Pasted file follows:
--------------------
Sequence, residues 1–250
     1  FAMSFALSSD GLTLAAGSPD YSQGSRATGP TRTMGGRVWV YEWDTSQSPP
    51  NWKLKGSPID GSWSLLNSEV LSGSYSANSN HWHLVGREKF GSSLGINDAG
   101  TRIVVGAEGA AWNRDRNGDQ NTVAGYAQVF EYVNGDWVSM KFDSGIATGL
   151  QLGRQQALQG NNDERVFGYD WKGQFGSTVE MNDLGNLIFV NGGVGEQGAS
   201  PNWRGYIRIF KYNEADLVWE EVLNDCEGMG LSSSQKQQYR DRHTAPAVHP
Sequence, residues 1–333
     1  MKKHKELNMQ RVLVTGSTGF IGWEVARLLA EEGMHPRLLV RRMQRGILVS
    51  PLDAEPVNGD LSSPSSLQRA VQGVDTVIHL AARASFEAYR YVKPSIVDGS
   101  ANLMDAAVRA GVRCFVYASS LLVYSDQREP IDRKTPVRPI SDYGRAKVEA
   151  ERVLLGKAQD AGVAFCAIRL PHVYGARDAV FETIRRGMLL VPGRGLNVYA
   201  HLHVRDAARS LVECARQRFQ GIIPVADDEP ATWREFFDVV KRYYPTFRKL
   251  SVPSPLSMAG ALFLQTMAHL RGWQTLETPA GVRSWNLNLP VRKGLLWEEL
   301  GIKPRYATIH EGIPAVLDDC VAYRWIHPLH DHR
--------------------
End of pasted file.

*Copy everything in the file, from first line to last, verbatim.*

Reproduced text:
Sequence, residues 1–250
     1  FAMSFALSSD GLTLAAGSPD YSQGSRATGP TRTMGGRVWV YEWDTSQSPP
    51  NWKLKGSPID GSWSLLNSEV LSGSYSANSN HWHLVGREKF GSSLGINDAG
   101  TRIVVGAEGA AWNRDRNGDQ NTVAGYAQVF EYVNGDWVSM KFDSGIATGL
   151  QLGRQQALQG NNDERVFGYD WKGQFGSTVE MNDLGNLIFV NGGVGEQGAS
   201  PNWRGYIRIF KYNEADLVWE EVLNDCEGMG LSSSQKQQYR DRHTAPAVHP
Sequence, residues 1–333
     1  MKKHKELNMQ RVLVTGSTGF IGWEVARLLA EEGMHPRLLV RRMQRGILVS
    51  PLDAEPVNGD LSSPSSLQRA VQGVDTVIHL AARASFEAYR YVKPSIVDGS
   101  ANLMDAAVRA GVRCFVYASS LLVYSDQREP IDRKTPVRPI SDYGRAKVEA
   151  ERVLLGKAQD AGVAFCAIRL PHVYGARDAV FETIRRGMLL VPGRGLNVYA
   201  HLHVRDAARS LVECARQRFQ GIIPVADDEP ATWREFFDVV KRYYPTFRKL
   251  SVPSPLSMAG ALFLQTMAHL RGWQTLETPA GVRSWNLNLP VRKGLLWEEL
   301  GIKPRYATIH EGIPAVLDDC VAYRWIHPLH DHR